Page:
Even the village's largest businesses are at risk. Manto, sister bar to the hugely successful Paradise Factory club, has recently come under siege. One regular, anxious to remain anonymous, said: "A group turned up late at night who were clearly gangster types - drug dealers, scally filth - and when they got turned away they came back with a gang wearing balaclavas with broken bottles. They started hurling them at Manto, smashing the windows, and a girl got bottled in the head. Everyone was showered in broken glass. It was terrifying."
Manto has refused to relinquish control of its door to the gangs, but will not comment on the problem. Other club owners admit they have given in, but will not talk about it. The fear that pervades the scene is palpable - making inquiries, I was threatened - but is understandable. Licensees are afraid of the gangs, but are also afraid to go to the police, fearful for their licence.
Some accuse the authorities of turning a blind eye. "You have to ask yourself how much has changed since James Anderton [the former avowedly homophobic police chief] quit," says Chris Payne, a journalist who covers the gay scene. "Perhaps they are looking at all the trouble now and thinking, 'Hah, you lot think you've had it good for so long in the village, now look who's laughing. You're getting what you deserve'. But the village has done so much for the city's image and economy - why aren't the police protecting it?"
"We are dealing with a very, very sensitive area," said Kevin McLoughlin, Manchester police's gay and lesbian community liaison officer, "and basically I'm trying very hard to say as little as possible." He fears that if the police move in on the drug dealers in the village, they risk appearing to be persecuting the area. "Yet if we don't do anything we look like we are neglecting the gay community."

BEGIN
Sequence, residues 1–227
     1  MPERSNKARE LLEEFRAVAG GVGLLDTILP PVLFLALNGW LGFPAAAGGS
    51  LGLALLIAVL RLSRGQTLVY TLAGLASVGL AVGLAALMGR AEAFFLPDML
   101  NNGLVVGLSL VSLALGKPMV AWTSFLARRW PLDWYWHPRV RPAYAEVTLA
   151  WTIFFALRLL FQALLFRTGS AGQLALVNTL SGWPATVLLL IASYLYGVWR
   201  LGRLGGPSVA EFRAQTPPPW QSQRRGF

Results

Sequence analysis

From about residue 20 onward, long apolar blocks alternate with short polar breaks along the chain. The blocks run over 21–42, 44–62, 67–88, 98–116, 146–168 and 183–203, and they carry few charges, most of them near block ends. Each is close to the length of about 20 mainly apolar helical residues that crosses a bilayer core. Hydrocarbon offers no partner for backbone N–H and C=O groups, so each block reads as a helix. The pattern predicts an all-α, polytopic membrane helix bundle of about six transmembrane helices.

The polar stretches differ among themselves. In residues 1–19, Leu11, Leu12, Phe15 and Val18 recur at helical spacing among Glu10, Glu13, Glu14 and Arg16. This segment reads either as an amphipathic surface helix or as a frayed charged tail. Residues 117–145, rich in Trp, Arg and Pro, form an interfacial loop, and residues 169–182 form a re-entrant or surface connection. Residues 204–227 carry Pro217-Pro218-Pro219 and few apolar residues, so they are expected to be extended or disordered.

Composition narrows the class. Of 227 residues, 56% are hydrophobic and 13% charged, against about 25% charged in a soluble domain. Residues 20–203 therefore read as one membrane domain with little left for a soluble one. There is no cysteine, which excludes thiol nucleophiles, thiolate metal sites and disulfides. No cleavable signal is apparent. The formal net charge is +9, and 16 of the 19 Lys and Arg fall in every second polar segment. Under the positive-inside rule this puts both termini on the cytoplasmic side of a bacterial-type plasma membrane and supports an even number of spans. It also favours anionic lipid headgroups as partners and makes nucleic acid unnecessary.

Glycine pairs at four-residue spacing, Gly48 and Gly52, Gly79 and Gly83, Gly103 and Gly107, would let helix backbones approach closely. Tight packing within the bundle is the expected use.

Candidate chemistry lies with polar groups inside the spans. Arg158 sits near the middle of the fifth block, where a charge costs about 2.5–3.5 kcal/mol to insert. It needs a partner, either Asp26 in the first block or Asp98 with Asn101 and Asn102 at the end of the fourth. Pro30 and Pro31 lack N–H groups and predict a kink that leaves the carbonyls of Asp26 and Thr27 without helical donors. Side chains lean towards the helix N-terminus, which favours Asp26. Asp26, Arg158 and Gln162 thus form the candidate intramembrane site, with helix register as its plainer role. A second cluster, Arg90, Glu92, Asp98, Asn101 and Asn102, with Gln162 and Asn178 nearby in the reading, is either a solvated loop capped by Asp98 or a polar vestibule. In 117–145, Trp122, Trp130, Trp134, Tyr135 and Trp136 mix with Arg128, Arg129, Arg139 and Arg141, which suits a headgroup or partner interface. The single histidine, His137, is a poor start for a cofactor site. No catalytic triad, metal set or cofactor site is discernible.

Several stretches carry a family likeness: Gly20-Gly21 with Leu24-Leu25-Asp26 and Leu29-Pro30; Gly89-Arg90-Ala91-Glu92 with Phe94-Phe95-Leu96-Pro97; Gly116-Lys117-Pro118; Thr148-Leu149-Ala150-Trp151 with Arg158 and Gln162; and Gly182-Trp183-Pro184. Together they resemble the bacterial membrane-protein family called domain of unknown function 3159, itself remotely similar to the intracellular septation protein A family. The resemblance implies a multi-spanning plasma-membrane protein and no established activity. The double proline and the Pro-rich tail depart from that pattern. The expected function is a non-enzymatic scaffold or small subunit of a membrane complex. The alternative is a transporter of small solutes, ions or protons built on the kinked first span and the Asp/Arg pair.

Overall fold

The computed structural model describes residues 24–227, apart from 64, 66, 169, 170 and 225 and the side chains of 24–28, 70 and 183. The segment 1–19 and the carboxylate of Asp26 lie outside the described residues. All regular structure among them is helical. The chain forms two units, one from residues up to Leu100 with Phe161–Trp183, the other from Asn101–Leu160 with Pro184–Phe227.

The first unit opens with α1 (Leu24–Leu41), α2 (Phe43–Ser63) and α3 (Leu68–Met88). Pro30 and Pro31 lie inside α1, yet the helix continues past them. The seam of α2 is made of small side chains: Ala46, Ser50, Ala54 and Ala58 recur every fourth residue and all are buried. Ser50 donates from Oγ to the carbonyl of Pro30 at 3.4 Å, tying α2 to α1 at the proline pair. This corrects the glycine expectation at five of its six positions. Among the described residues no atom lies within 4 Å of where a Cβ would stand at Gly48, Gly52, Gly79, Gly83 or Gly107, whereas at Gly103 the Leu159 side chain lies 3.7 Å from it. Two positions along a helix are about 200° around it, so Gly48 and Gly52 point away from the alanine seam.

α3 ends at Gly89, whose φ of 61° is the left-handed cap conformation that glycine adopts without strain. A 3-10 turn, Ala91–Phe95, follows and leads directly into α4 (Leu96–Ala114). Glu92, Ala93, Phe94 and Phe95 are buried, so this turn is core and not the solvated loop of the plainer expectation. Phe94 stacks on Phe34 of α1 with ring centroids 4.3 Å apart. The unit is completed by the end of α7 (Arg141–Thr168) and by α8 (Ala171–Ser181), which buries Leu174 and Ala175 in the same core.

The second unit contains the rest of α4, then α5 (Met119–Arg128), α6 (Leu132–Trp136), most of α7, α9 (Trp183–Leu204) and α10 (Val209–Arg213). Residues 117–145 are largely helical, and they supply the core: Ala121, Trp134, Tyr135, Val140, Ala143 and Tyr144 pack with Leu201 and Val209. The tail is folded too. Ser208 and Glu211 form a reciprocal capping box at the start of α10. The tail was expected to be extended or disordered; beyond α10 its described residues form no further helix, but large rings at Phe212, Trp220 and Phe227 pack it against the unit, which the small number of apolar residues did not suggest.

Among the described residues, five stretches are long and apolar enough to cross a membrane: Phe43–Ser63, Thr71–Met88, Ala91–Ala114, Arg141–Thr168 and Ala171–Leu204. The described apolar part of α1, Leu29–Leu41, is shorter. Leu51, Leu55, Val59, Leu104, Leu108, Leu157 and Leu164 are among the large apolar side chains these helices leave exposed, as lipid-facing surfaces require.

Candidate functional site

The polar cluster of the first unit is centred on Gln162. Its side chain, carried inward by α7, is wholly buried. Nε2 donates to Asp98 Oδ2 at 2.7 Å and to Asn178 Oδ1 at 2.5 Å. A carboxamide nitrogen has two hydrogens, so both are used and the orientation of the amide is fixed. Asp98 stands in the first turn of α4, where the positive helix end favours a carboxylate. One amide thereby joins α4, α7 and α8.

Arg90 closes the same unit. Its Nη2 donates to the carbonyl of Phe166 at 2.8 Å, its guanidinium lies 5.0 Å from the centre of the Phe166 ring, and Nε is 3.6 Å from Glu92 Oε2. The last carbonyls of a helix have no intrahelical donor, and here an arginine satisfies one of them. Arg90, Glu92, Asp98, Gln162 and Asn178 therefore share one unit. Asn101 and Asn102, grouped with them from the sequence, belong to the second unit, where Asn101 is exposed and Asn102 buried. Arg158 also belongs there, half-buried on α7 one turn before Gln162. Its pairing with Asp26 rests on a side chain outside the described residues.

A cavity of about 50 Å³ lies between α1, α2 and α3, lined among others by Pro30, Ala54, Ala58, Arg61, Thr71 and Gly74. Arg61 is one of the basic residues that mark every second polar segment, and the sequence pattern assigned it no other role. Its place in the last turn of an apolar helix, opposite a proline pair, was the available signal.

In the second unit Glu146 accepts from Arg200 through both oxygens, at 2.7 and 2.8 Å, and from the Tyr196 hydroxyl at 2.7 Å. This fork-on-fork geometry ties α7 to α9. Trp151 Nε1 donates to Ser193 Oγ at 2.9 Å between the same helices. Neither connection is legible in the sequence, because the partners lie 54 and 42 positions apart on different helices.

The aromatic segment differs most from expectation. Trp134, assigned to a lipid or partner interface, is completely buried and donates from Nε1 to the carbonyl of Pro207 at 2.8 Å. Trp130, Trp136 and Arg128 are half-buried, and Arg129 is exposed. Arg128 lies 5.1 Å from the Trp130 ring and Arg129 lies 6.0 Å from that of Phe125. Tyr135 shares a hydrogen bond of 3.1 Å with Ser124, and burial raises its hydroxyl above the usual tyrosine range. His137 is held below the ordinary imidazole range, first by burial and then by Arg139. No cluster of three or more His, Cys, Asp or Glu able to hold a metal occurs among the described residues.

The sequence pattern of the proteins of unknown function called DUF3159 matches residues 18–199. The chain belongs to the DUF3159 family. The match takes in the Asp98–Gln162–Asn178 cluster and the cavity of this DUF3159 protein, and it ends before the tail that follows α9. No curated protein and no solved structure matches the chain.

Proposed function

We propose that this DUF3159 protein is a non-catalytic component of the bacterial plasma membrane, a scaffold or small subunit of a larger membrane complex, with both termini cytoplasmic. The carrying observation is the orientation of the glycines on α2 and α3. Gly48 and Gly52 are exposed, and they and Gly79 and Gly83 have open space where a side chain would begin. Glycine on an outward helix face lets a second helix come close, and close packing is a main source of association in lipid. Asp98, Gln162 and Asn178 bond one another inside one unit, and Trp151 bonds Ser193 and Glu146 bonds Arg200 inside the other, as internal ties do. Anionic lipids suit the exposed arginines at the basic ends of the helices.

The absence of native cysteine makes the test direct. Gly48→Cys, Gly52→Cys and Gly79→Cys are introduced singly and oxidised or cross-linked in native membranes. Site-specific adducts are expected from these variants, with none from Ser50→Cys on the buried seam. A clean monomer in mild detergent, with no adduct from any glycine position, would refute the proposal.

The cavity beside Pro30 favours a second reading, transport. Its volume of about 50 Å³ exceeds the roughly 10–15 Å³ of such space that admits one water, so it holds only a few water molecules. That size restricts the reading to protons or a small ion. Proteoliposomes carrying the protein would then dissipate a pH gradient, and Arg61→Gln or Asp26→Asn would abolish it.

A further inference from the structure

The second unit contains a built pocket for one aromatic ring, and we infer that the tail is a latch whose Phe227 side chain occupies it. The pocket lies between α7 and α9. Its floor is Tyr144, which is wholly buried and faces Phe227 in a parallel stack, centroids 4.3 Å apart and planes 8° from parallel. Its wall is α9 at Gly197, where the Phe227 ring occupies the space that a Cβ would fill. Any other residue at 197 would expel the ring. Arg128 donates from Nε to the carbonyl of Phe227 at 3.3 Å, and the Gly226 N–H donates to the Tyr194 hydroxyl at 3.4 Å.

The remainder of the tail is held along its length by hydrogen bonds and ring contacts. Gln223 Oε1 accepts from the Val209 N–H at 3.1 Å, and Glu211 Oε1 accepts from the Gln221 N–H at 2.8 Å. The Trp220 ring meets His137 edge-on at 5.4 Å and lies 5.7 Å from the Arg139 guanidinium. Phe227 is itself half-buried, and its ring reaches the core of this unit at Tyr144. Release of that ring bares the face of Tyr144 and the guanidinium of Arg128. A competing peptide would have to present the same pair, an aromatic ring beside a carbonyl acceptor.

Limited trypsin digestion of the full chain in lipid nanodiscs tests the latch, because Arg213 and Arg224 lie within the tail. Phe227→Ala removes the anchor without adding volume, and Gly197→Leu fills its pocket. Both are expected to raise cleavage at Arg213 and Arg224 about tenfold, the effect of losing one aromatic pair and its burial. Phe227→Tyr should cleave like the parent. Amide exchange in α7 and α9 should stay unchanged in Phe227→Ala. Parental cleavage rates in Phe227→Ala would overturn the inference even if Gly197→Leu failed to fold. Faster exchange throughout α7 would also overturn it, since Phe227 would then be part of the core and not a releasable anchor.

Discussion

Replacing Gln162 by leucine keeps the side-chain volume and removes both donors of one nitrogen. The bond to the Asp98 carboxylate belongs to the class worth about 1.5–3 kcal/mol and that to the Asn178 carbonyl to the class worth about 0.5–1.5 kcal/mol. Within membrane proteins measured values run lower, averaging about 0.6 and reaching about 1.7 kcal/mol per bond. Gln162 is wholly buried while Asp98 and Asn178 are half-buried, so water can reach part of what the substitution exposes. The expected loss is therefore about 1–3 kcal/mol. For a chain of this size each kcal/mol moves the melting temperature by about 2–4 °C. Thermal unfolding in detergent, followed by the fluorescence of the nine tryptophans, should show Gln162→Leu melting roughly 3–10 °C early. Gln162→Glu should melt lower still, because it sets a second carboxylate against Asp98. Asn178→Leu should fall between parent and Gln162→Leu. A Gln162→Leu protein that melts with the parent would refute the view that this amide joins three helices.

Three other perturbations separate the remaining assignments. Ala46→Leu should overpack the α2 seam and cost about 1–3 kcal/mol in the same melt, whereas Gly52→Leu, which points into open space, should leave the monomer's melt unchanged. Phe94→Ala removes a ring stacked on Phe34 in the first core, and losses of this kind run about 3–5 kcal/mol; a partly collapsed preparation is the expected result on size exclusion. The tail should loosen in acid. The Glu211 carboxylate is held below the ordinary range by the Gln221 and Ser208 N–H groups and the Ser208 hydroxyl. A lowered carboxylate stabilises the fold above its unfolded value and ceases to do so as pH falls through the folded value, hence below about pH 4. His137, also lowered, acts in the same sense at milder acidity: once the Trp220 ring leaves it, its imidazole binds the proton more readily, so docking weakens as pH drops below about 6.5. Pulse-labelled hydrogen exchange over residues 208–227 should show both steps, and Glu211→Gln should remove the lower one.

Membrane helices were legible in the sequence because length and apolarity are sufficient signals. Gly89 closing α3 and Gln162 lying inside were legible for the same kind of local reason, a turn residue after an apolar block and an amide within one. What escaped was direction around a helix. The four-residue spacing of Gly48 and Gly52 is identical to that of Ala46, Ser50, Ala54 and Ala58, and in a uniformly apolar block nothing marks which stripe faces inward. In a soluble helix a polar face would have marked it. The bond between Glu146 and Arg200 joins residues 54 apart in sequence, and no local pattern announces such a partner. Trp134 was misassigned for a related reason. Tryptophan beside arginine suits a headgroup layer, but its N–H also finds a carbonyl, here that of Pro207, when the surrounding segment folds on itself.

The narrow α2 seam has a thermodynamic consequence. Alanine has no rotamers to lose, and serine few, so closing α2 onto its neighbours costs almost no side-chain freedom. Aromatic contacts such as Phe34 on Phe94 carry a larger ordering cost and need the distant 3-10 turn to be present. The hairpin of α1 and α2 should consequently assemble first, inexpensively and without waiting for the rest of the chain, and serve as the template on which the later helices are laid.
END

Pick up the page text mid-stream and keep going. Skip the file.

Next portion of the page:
In an attempt to combat security protection rackets, the police have introduced a scheme obliging all door staff to be vetted before being registered. But Chief Inspector Wallis, in charge of the scheme, admits that while they look at bouncers' backgrounds, "we don't look too closely. If we didn't allow people with previous convictions to be door staff, we wouldn't have any door staff in this city".
Paul Cons, promoter of the gay club Flesh, wants the police to operate door security themselves and take control as in football grounds, but believes they refuse for fear that officers will be corrupted. Other club owners blame each other for the problems, accusing individuals of allowing too many straights in and signalling their presence to the gangs. Some blame the media for attracting unwanted attention to the pink pound.
Tony Cooper, manager of the Equinox club, says: "There are straight people - and there are straight people. Ninety-nine per cent come for the right reasons, and go home with a more tolerant understanding of gay people. That's something we should be proud of. I don't want to go back to running a gay ghetto."Reuse content